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The Broadband divide across the UK

Latest statistics from Which? Show many areas of the UK are still missing out on high-speed Broadband

Residents of Broxbourne in Hertfordshire have the fastest average broadband speed in the UK, at 32.5Mbps

Yet many parts of the UK, including many urban areas and local rural districts alike, struggle to achieve a third of that, according to new figures from consumer group Which?

The local authority data – which was produced using the organisation’s proprietary broadband speed checker showed how, in spite of the long-awaited industry-led drive to full-fibre broadband that has taken place in the past 12 months, huge numbers of people are still with sub-standard broadband connections.

Though Britain’s full-fibre roll-out has garnered billions of pounds worth of investment and hundreds of column inches in the media, it has focused on those areas where services are commercially attractive and profitable, with a few notable exceptions, rural areas are again being bypassed, just as in previous roll-outs.

In October 2018, the Broadband World Forum released a study that claimed the new-found enthusiasm for full-fibre broadband in Europe.

This was driven not by consumer demand for it, but rather by network owners’ fear of missing out on the price premium that full-fibre services command.

“Having a good broadband connection is a basic requirement for many important everyday tasks, so it is unacceptable that millions of people around the country are still struggling to get what they need,” said Alex Neill, managing director of home products and services at Which?

“The government and the regulator must press ahead with plans to provide a bare minimum connection speed of 10Mbps in every household and make sure that no one is at a disadvantage because of where they live.”

Predictably, the remotest parts of the country endured the slowest average speeds. Average speeds in Orkney barely moving the needle at 3Mbps, rising to 5.7Mbps in Allerdale in Cumbria, 6.7Mbps in the Shetlands, 7Mbps in Argyll & Bute, 7.1Mbps in Moray, 7.4Mbps in Fermanagh and Omagh in Northern Ireland, and 7.5Mbps in Ceredigion, North Wales.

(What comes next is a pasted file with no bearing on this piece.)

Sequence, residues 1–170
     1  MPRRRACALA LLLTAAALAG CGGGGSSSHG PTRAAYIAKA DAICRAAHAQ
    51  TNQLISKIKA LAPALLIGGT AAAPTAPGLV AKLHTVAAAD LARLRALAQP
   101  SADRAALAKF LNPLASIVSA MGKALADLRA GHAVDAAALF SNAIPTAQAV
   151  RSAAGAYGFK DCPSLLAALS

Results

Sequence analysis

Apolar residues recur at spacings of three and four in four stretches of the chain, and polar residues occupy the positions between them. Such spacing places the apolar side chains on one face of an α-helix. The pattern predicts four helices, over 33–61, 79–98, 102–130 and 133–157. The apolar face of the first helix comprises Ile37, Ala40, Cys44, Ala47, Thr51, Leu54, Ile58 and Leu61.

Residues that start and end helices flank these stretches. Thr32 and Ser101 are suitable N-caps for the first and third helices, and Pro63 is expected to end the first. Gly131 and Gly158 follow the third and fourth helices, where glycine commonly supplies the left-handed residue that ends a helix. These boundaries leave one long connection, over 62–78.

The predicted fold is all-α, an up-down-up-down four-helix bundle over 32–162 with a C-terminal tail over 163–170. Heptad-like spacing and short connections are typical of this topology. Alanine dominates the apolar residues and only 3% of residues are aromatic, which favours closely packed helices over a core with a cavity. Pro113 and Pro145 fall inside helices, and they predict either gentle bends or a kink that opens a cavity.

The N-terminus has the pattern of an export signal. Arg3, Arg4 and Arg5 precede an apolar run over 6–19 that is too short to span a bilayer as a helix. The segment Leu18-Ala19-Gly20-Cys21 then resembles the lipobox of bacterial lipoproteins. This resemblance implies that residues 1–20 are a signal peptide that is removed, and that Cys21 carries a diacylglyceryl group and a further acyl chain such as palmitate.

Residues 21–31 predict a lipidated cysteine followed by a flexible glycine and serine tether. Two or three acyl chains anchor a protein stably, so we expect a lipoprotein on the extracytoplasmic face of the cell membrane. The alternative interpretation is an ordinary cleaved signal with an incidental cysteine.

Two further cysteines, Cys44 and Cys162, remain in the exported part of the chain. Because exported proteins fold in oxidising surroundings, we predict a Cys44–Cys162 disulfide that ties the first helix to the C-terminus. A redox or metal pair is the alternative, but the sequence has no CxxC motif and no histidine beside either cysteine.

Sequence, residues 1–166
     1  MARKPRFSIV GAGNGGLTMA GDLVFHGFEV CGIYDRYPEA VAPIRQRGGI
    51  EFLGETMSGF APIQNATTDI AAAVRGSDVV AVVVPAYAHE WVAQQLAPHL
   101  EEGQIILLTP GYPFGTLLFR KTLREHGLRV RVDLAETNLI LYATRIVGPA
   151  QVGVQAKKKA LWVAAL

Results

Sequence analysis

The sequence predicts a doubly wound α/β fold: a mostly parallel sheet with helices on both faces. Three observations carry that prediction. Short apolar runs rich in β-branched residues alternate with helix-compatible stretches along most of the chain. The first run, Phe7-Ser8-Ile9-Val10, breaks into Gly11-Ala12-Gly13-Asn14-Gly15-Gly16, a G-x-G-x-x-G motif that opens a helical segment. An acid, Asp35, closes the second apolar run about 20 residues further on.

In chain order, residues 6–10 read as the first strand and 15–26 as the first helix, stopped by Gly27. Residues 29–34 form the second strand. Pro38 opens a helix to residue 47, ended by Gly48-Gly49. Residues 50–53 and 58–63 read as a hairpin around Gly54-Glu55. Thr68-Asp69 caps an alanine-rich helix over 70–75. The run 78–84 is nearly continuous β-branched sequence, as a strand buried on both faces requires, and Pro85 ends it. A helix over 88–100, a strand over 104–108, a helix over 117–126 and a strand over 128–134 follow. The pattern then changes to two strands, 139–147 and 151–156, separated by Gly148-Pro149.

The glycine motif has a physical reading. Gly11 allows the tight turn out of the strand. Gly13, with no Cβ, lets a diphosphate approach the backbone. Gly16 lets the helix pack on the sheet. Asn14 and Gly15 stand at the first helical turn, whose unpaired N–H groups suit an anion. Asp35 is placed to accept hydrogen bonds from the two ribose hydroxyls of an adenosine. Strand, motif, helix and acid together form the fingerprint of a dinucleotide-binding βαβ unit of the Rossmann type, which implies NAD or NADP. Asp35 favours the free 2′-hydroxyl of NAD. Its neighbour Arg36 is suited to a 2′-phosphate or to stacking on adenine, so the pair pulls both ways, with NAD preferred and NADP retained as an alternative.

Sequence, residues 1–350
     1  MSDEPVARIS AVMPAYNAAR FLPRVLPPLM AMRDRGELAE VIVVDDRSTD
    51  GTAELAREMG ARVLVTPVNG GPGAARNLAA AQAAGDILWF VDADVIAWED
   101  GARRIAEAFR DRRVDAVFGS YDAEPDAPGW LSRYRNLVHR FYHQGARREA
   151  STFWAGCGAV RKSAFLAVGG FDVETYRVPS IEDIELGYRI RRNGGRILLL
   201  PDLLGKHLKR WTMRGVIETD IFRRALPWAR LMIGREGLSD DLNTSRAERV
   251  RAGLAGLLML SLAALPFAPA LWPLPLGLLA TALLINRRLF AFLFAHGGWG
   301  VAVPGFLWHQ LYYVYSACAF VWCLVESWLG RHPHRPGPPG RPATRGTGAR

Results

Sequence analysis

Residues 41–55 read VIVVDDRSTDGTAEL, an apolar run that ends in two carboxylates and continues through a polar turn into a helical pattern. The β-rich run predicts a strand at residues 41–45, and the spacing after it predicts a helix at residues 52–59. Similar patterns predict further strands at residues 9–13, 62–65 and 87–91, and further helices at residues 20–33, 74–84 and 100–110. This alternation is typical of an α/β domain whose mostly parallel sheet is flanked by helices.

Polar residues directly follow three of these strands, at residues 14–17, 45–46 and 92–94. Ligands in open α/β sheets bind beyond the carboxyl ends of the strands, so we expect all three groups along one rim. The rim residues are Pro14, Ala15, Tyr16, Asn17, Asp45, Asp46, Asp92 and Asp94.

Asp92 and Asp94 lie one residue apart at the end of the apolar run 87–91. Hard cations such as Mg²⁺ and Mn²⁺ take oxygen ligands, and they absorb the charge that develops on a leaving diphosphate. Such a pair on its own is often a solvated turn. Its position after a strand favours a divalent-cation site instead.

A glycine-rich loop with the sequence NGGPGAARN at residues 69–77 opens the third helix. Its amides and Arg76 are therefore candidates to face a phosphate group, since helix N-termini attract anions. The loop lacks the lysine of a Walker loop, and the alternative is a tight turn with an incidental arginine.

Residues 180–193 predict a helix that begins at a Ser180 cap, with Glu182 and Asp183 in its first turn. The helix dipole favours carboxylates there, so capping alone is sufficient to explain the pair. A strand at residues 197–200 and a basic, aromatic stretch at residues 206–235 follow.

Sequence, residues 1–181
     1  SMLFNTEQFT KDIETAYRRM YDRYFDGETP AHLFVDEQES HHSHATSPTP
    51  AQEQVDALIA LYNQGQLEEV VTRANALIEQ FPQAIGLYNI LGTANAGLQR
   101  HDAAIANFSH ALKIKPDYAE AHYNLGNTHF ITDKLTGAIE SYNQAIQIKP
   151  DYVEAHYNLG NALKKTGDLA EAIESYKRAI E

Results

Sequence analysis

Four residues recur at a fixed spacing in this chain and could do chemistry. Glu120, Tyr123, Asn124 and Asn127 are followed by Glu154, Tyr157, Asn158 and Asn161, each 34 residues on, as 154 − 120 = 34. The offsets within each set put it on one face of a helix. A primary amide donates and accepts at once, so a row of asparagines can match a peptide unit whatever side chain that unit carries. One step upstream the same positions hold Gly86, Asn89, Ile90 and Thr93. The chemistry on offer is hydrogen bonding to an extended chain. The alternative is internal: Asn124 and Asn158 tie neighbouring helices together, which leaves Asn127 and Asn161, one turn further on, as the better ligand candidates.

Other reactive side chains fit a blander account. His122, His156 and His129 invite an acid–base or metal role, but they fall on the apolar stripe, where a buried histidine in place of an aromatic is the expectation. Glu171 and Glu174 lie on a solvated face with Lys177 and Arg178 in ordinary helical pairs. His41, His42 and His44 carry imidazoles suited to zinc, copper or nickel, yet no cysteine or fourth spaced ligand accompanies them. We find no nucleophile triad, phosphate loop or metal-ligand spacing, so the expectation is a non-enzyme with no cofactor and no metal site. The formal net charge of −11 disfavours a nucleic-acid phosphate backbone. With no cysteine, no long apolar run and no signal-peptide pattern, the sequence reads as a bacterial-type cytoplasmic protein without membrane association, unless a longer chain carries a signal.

At such speeds – which fall below those that will be provided by the government’s promised Universal Service Obligation (USO) of 10Mbps – it would take around 25 minutes to download a movie, compared with three to four minutes for those with the fastest services.

Many urban areas did not fare much better, including the London boroughs of Tower Hamlets and Westminster at 10.1Mbps and 10.8Mbps, Calderdale in West Yorkshire at 12.1Mbps, Bromsgrove in the Midlands at 12.6Mbps, and West Lancashire near Liverpool at 13.1Mbps.

At the other end of the scale, average broadband speeds hit 32.3Mbps in Crawley, West Sussex, 29.6Mbps in West Dunbartonshire near Glasgow, 29.5Mbps in Watford, 27.6Mbps in Nottingham, and 27.3Mbps in Cambridge.

Which? said previous research had shown that many people with sluggish broadband connections could boost their speeds immediately simply by switching service providers, although historically a good number of people are hesitant to do so. Indeed, 2017 research from broadband comparison website Cable.co.uk found many people would prefer to end their relationship with their husband or wife than their internet service provider (ISP).

Matt Powell of comparison site Broadband Genie said that while access to a decent connection in rural areas was a serious problem, the overall broadband landscape was looking better than ever, with only 2% of total UK properties lacking access to a 10Mbps service.

Regarding the much-hyped USO, which is due to be implemented over the coming months, Powell said although it should help those in that remaining 2%, the cost threshold of £3,400 per property would be a barrier to some who were not willing to pay for additional expenses over that limit.

“In 2016, Ofcom estimated that a £3,400 threshold for a USO of 10Mbps download and 1Mbps upload would leave 60,000 premises unserved,” he said.

“Some communities will be able to work around this by combining their funding for a connection which serves multiple properties, but others may have to pay a significant sum out of their own pockets or explore alternatives such as satellite broadband.”

Andrew Glover, chair of the Internet Service Providers’ Association (ISPA), which represents the interests of broadband suppliers, disputed the accuracy of the Which? statistics, and said the UK’s true average speed was much higher.

“ISPs have made significant progress in boosting broadband speeds in recent years, as Ofcom’s official figures show that across the UK, average download speeds have increased by 28% over the past year to 46.2Mbps.

“The data used by Which? appears to be gathered from customer speed tests and therefore may not be fully representative of speeds available. Ofcom’s Boost Your Broadband campaign can show where faster connections are already available should customers want them, including some of the areas mentioned in the report.”

Indications are, the UK has a long way to go to catch up with the rest of the world when it comes to our Broadband infrastructure.

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